Standard potatoes don’t count as one of your 5-a-day. As an alternative pie topping, or to combine with potato, use mashed swede, sweet potato, butternut squash or carrot.
For meals like spaghetti bolognese, chilli, curry or pasta bakes, use tinned tomatoes (or tomato passata) instead of ready-made sauces.
2. Cut the saturated fat
Swap saturated fats like butter, lard and ghee for unsaturated fats like rapeseed, olive and sunflower oils and spreads. Remove visible fat and skin from meat and poultry, and use low-fat milk and dairy products.
Some foods we imagine are healthy can be shockingly full of fat. These include: muffins, yoghurt coated raisins, coleslaw, egg yolk, salami and cereal bars.
3. Ditch the salt
Avoid adding salt to your food, but make sure you check food labels too. Three-quarters of the salt we eat is already in our food and there can be quite a variation even in basic items like bread and cereals.
Opt for products which are labelled low-salt or low-sodium, limit takeaways and in restaurants, ask for sauces served on the side.
For every type of salt there are probably 100 different other flavours, so refresh your palate by experimenting with new tastes including herbs, spices, black pepper, or citrus rind and juices.
4. Adopt a Mediterranean-style diet
Studies show that eating a Mediterranean-style diet can reduce your risk of a heart attack, says BHF. A Mediterranean diet typically means one that is rich in fruit and vegetables, oily fish, such as sardines, and wholegrain cereals, with modest amounts of meat and low-fat dairy.
One of the better-known aspects is the use of monounsaturated fats such as olive oil instead of saturated fats such as butter.
A Mediterranean diet means more fruit and salad and having meat-free days and using fish, beans and pulses instead.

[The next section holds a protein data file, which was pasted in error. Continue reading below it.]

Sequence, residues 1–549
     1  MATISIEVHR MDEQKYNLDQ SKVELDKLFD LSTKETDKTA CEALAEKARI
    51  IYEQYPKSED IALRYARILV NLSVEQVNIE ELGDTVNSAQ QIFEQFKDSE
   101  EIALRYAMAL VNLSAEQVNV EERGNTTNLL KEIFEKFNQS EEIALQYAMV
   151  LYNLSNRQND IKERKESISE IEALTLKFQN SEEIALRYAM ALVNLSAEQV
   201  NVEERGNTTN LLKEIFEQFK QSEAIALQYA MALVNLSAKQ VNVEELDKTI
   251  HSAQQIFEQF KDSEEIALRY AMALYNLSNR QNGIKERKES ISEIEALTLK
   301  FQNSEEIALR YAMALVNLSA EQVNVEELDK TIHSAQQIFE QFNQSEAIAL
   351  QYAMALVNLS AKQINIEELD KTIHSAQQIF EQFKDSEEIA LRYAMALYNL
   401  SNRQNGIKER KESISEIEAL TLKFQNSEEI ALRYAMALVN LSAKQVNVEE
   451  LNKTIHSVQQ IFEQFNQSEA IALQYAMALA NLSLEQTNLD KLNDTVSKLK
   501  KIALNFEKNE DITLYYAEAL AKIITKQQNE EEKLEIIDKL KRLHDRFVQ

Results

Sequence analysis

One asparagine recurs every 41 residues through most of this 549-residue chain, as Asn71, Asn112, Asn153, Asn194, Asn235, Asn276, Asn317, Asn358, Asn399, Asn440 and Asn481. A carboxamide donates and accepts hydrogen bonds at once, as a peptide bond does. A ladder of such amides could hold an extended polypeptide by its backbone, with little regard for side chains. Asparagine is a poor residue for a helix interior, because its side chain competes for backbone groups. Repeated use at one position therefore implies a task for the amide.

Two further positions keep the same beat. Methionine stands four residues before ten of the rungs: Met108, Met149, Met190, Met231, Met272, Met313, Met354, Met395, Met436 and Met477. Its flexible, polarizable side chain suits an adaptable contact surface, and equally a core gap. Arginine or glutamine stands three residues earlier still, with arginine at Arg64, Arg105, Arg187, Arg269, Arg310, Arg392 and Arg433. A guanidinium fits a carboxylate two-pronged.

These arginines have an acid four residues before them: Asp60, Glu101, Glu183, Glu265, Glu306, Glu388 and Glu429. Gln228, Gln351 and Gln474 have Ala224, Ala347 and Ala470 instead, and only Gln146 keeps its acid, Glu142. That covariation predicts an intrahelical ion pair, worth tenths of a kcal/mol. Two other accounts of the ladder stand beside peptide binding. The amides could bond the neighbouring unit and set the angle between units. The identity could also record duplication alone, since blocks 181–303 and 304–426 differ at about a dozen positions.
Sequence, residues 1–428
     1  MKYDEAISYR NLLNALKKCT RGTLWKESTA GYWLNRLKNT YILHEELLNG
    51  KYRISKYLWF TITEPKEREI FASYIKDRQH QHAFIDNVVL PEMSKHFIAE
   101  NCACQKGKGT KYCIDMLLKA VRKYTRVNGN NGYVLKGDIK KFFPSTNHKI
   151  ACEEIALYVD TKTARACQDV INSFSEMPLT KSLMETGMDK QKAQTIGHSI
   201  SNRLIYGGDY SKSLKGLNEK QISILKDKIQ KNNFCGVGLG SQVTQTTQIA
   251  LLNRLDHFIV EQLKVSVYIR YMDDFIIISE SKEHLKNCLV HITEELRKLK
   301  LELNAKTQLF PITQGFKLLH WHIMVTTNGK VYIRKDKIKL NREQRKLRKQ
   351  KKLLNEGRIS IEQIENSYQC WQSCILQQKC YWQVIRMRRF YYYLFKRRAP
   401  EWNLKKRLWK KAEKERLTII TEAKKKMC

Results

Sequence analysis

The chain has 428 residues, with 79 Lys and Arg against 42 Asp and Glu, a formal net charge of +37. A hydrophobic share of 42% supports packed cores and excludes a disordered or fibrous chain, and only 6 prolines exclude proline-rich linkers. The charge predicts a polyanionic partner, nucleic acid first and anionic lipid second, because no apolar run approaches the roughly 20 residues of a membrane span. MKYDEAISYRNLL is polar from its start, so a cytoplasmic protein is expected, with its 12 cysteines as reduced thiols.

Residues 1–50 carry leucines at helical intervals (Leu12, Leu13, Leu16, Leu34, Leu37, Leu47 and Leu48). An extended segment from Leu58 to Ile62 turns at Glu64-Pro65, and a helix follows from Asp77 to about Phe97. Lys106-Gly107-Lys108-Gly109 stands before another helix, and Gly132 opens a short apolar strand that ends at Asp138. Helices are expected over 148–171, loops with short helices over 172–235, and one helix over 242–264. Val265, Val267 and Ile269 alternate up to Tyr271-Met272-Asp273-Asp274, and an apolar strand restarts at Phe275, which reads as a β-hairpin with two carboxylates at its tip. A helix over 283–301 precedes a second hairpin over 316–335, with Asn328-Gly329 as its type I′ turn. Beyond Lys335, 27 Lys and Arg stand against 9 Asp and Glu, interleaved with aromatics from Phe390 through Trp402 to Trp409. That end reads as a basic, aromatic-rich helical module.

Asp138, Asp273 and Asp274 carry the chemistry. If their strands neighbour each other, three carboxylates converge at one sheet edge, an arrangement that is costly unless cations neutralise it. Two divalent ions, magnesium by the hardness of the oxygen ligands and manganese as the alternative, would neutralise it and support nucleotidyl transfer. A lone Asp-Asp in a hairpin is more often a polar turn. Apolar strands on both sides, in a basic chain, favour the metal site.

5. Watch your portions
Eating healthy, balanced diet should help keep your weight under control, but it’s important to keep an eye on your portion sizes too. Use a smaller plate or adjust the proportions so that half of your plate is fruit or veg.
In addition to a healthy outlook, diet and exercise, BHF also recommends that if you have an underlying health condition, such as heart disease, heart failure, diabetes, high blood pressure or obesity, “don’t let Covid-19 stop you attending your regular check-ups. And never avoid calling the emergency services if you need to”.
To find out ore about World Heart Day, visit: https://www.world-heart-federation.org/world-heart-day/world-heart-day-2020/
You can find more information and tips for a healthy heart at https://www.bhf.org.uk/
Thank you for reading this article “World Heart Day 2020 – taking care of our hearts is more important than ever”.
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Tara Rippin is a reporter for Spain’s largest English-speaking newspaper, Euro Weekly News, and is responsible for the Costa Blanca region.
She has been in journalism for more than 20 years, having worked for local newspapers in the Midlands, UK, before relocating to Spain in 1990.
Since arriving, the mother-of-one has made her home on the Costa Blanca, while spending 18 months at the EWN head office in Fuengirola on the Costa del Sol.
She loves being part of a community that has a wonderful expat and Spanish mix, and strives to bring the latest and most relevant news to EWN’s loyal and valued readers.